The official unemployment rate calculated by the Bureau of Labor Statistics (BLS), also known as U-3 unemployment, captures those who have been without work and have been looking for at least four weeks. The BLS measurements for unemployment are as follows:
- U-1: Persons unemployed 15 weeks or longer, as a percent of the civilian labor force
- U-2: Job losers and persons who completed temporary jobs, as a percent of the civilian labor force
- U-3: Total unemployed, as a percent of the civilian labor force
- U-4: Total unemployed plus discouraged workers, as a percent of the civilian labor force plus discouraged workers
- U-5: Total unemployed, plus discouraged workers, plus all other persons marginally attached to the labor force, as a percent of the civilian labor force plus all persons marginally attached to the labor force
- U-6: Total unemployed, plus all persons marginally attached to the labor force, plus total employed part time for economic reasons, as a percent of the civilian labor force plus all persons marginally attached to the the labor force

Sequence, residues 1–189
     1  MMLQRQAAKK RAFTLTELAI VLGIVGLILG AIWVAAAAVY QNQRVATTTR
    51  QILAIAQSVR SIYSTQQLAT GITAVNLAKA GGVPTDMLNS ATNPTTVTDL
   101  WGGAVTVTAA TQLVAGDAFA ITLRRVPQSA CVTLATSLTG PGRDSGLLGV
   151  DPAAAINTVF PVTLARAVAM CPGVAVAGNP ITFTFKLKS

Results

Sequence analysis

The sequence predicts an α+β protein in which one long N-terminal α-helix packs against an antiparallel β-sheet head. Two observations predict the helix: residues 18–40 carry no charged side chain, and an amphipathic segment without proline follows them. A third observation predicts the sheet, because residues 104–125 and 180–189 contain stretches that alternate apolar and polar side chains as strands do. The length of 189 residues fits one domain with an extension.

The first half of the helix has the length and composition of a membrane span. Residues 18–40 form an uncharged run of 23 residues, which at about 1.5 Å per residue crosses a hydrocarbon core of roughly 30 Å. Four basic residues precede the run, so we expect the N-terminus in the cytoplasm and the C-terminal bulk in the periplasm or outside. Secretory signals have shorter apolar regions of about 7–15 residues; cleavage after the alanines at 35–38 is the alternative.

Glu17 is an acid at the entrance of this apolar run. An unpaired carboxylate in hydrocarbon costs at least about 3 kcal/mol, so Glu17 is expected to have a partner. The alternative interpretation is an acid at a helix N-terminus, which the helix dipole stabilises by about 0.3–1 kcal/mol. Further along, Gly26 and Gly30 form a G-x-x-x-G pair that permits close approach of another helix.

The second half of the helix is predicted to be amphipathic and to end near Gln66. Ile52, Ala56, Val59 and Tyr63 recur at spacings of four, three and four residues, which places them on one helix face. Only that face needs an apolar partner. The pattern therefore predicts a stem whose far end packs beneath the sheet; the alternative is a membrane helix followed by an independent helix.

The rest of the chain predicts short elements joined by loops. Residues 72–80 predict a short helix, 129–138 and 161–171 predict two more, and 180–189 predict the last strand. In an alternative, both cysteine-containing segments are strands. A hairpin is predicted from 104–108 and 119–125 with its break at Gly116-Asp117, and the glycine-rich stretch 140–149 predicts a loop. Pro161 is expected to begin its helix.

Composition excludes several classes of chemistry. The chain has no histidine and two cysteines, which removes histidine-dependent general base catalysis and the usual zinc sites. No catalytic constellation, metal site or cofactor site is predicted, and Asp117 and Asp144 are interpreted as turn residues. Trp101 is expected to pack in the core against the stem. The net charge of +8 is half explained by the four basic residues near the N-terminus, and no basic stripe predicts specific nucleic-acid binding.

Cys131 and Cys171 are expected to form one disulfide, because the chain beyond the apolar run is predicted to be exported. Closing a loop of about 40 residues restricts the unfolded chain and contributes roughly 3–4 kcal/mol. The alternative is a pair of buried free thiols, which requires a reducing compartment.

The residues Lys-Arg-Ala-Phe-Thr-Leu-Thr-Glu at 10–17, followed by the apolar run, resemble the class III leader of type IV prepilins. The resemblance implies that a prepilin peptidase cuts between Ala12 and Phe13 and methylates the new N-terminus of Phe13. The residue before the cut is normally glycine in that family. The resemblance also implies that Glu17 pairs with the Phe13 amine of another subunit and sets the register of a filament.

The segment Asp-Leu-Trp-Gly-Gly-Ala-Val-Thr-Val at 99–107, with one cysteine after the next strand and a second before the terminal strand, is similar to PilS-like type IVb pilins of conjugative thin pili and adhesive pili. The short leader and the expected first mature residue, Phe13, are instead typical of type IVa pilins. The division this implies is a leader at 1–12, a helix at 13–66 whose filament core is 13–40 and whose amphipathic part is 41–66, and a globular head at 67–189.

If we want to play semantics, the U-6 indicator is technically an underemployment measurement. I'm not a fan of people using the U-6 indicator in attempts to perpetuate the myth of part-time America. Nevertheless, the U-6 unemployment rate depicts a more accurate picture of the strength of the labor market than the U-3 unemployment rate, much like the employment-population ratio and the labor force participation rate help us do.
Even if we were to use U-6 rate, there are still two issues with using the national unemployment rate: 1) the rates require substantial estimation and readjustments, and 2) there is no such thing as a national unemployment rate because the rates vary so much from state to state.
So the next time you see the "unofficial unemployment rate" decrease, don't think to yourself "Look at that, the economy is getting better." Instead, think to yourself, "Big whoop-de-doo! Tell me when you have actual news to report."